Radiation or the use of x-rays to treat
lung cancer may be in conjunction with
surgery or as a palliative treatment to
relieve the pressure symptoms or pain
caused by the lung cancer. Side-effects
of radiation such as tiredness, skin
rash or sore throat are transient.
Lung cancer occurs when normal cells, as
a result of chronic irritation, become
abnormal and keeps on dividing, forming
more and more abnormal cells without
control or order. The malignant tumours
can invade & damage nearby tissues &
organs. It can spread to other parts of
the body such as bones, liver & brain
through the lymphatic system or blood
Q: How common is lung cancer in
Lung cancer is the most common cause of
death in Singaporean men & the 3rd most
common cancer in women.
Q: What causes lung cancer?
Cigarette smoking. This is the major
cause of lung cancer and accounts for
about 90% of all lung cancer. The risk
of lung cancer increases when one starts
smoking at an early age, or inhales
relighted half-smoked cigarettes. It
also increases with the number of
cigarettes smoked each day, and with the
number of years of smoking. Other causes
· Environmental tobacco smoke (or
· Occupational exposure to asbestos &
· Contact with the processing of steel,
nickel chrome & coal gas
· Atmospheric air pollution
Q: What are the symptoms of lung cancer?
They symptoms may be persistent cough,
shortness of breath, blood stained
sputum, chest pain, & repeated bouts of
bronchitis or pneumonia.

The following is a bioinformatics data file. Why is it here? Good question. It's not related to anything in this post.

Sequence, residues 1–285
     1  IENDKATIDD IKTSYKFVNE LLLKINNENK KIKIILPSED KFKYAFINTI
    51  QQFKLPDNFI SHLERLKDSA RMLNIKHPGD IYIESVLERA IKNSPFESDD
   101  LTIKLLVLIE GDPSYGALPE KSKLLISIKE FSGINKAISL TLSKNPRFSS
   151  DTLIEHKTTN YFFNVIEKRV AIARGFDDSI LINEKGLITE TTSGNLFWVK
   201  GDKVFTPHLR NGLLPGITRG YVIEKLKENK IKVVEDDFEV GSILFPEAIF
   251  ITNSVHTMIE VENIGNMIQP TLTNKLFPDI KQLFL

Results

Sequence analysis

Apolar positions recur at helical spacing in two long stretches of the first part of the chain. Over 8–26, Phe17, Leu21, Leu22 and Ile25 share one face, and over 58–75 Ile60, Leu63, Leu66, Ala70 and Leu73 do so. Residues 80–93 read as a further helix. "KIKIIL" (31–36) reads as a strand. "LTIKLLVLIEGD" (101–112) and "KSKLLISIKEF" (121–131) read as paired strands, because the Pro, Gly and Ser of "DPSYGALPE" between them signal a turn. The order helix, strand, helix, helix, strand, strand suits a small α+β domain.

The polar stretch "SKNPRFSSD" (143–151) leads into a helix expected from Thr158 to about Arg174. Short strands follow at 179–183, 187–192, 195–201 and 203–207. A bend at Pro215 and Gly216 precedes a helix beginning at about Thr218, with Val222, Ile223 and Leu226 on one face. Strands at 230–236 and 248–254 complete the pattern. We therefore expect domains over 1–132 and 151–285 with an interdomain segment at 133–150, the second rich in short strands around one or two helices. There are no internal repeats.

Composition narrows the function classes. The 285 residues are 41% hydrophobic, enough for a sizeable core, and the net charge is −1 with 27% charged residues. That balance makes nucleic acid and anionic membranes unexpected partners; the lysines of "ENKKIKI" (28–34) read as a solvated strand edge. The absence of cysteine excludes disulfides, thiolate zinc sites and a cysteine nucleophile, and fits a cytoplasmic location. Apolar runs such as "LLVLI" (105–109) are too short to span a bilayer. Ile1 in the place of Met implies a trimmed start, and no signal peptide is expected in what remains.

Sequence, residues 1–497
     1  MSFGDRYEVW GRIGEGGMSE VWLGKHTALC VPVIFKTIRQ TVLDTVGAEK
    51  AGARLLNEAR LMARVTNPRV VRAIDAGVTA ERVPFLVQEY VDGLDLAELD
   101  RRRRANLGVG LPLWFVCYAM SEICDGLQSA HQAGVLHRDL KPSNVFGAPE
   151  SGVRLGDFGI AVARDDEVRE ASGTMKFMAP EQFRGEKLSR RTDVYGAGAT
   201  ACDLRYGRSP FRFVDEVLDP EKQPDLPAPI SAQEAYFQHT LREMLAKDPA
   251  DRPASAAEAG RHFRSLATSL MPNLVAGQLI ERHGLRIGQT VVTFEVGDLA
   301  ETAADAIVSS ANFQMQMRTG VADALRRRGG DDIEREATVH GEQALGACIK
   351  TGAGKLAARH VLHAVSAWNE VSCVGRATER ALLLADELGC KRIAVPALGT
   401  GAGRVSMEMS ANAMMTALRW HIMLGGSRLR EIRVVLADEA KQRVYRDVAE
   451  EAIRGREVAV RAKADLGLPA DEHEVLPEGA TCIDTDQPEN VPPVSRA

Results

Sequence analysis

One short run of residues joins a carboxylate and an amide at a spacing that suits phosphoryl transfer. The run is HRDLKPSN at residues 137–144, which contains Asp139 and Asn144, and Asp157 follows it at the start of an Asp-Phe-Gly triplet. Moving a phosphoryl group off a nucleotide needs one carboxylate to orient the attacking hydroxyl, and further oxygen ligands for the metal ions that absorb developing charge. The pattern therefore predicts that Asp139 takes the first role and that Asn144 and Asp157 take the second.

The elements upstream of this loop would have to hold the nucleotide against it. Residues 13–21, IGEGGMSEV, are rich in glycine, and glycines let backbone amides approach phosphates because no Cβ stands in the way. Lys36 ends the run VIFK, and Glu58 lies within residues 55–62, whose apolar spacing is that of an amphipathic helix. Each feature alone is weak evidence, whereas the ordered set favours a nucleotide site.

In later stages, people may experience
fatigue, weight loss, extreme shortness
of breath, difficulty in swallowing and
hoarseness of voice, clubbing of
fingers, & symptoms of fluid being built
up in the chest.
Sometimes, symptoms that seem unrelated
to the lungs may actually be caused by
the spread of a lung cancer.
Q: How is lung cancer diagnosed?
Lung cancer may be detected through the
· Chest x-rays
· CT scans
· Sputum test
· Removing lung tissue sample for
microscopic examination through a
bronchoscope or needle aspiration
· Removing fluid from the lung to check
for cancer cells
Sometimes surgery is needed to diagnose
Q: What are the methods of treatment
available for lung cancer?
Surgery, radiation therapy &
If the cancer is confined to the lung,
surgery gives the best chance of a cure
except for small cell lung cancer.
Depending on the size, location, extent
of the cancer, the general health of the
patient & other factors, different types
of surgery will be used. It is
unfortunate to note that 75% of all
patients are in either advanced stage or
have too poor lung function for surgery.
Radiotherapy, given in 5 days a week for
several weeks, is used to destroy cancer
cells and to relieve pain in advanced
Chemotherapy is the treatment of choice
for those with small cell lung cancer.
Unfortunately, recurrences are common
and only a small number are curable.